A few years ago I started a large Sengoku-Jidai project in 15mm. I decided to organise them for Peter Pig’s ‘Battles in the Age of War’ rules, but using 5 figures per base instead of 3. This meant that the number of figures needed increased massively and has left the project still some ways from having enough for a decent sized game. So, given my recent Damascene conversion to all things 6mm, I decided to have a look at doing the Sengoku Jidai in 6mm.
This is a bit of a no-brainer. It’s Baccus or Irregular. I think 6mm figures have moved on a bit from Irregular, so Baccus it was. Baccus’ range covers the main troop types for the era, certainly enough for 6mm, and has a bit of extra stuff like command figures and a honjin. One huge bonus is that you can order as many nobori banners as you like, well up to 25% anyway. Getting enough nobori was an expensive business in 15mm, with Baccus this isn’t a problem. As a decent amount of nobori banners was likely to be a key part of the ‘impact’ of units, this was a good thing.
Ashigaru strip with nobori. Subsequently I found it easier to clip the figure off the strip and glue them onto a longer painting base. It also made it easier to take off single figures to assemble units.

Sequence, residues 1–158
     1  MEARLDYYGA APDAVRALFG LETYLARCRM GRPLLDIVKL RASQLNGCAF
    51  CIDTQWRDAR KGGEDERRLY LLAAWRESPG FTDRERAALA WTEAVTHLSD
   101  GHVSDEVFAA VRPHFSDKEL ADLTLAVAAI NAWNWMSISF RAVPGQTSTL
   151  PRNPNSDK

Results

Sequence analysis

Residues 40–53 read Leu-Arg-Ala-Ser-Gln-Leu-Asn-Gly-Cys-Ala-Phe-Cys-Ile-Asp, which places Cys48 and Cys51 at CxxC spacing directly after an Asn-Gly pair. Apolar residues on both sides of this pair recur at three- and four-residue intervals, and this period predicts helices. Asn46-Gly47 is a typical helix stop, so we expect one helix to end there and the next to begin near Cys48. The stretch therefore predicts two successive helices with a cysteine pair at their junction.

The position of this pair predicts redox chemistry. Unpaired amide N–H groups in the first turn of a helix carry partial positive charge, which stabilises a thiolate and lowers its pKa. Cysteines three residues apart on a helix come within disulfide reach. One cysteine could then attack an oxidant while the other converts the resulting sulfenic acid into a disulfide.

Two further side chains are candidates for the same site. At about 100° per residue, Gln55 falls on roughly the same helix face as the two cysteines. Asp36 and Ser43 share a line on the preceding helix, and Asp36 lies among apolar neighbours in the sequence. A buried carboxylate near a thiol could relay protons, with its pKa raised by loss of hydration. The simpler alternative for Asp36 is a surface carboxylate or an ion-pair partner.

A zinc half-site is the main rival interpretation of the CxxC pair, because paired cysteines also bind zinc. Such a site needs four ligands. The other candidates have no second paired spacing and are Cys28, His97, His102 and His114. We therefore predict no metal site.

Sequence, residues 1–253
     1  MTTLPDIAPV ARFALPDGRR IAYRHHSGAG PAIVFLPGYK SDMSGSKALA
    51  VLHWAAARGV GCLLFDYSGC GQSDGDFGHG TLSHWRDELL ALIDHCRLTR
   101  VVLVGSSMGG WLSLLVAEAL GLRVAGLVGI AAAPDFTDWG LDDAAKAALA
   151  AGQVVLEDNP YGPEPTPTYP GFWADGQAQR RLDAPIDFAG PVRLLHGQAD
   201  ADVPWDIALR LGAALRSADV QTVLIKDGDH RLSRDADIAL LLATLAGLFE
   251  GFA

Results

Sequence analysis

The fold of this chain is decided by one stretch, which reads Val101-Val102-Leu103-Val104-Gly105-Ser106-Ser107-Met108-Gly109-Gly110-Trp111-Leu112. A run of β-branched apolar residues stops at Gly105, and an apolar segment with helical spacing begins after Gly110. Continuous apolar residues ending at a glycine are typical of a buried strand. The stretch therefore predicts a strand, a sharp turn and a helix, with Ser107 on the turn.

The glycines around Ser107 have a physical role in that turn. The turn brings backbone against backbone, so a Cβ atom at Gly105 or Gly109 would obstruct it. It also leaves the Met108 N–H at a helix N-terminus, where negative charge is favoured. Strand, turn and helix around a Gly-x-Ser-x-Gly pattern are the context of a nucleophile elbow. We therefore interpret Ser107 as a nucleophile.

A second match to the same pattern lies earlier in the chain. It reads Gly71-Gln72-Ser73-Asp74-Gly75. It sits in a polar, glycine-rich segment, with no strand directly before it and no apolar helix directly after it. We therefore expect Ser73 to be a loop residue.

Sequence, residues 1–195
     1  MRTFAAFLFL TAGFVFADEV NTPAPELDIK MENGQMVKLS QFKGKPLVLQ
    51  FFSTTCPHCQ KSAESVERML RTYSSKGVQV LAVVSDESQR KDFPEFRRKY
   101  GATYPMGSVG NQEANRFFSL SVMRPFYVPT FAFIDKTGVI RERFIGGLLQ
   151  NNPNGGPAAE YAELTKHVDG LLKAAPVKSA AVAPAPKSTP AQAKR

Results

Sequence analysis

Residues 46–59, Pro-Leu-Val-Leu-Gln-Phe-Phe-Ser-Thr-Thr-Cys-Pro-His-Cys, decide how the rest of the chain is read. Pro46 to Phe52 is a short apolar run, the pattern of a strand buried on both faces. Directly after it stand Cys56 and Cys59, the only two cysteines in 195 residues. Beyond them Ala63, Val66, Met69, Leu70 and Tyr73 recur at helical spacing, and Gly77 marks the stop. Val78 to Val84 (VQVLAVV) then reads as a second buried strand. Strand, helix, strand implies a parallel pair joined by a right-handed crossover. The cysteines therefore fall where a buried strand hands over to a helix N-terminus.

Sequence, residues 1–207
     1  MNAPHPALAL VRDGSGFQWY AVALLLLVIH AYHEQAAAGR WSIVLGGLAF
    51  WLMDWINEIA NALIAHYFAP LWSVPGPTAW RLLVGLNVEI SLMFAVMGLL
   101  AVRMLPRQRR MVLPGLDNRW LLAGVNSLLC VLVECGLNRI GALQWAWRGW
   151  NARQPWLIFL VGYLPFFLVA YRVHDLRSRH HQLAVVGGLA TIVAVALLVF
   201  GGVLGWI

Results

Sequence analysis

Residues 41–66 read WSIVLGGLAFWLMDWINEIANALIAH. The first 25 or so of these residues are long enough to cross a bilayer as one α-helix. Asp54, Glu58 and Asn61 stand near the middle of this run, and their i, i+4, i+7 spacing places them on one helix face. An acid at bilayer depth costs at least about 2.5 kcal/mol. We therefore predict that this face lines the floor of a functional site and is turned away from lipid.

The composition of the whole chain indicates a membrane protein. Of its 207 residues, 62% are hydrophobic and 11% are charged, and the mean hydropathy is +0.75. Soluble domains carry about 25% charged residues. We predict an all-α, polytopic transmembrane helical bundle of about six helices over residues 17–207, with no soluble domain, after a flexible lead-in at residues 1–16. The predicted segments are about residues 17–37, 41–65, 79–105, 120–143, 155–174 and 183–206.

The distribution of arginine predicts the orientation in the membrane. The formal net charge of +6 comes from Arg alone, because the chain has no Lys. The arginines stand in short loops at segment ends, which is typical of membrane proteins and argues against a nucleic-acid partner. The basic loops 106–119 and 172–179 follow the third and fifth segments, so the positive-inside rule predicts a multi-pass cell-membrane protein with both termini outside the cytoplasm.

I started off with some ashigaru with long spear. The first thing to decide was what not to paint. Now, it’s possible to paint 6mm figures as if they were small 15mm figures, but then you’re not taking advantage of one of the main reasons for doing 6mm: speed of painting. The basic philosophy of painting 6mm is that you’re painting a unit not a group of individuals. So, the ashigaru would be wearing mostly black armour with variously coloured clothing. I wasn’t going to paint lacing on the armour so this was going to be plain black (or red or russet). The clothing should be: shirt, belt, trousers, leggings and socks. I figured the socks were unnecessary and there wasn’t much point in having a separate legging colour as this really wouldn’t stand out. So the clothing went down to 3 colours: shirt, belt and trousers. I wanted to have a non-uniformed appearance, so I thought I’d do groups of 6 strips (24 figures) and then, after I’d finished a few groups, take some figures from each and do the sashimono.
The painting sequence (on a black undercoat) went:
1st colour painted on sleeves for 2 strips, belts for 2 strips and trousers for 2 strips.
2nd and 3rd colours repeated as above so the 3 colours are distributed across the 3 clothing areas.
Paint the yari shaft. Because I was going to take figures from different painted groups to make up bases, I decided against getting too outlandish with lacquered spears, otherwise the brightly coloured ones may stand out too much. Ashigaru would have brown yari, samurai would probably get a red-brown to red colour.
Paint the sashimono wooden frame. Again, I thought I’d stick with the same colour throughout here. When I did the sashimono there may be some touching up needed, so it would be easier to stick to one colour.
Paint the flesh, then the cloth neckguard.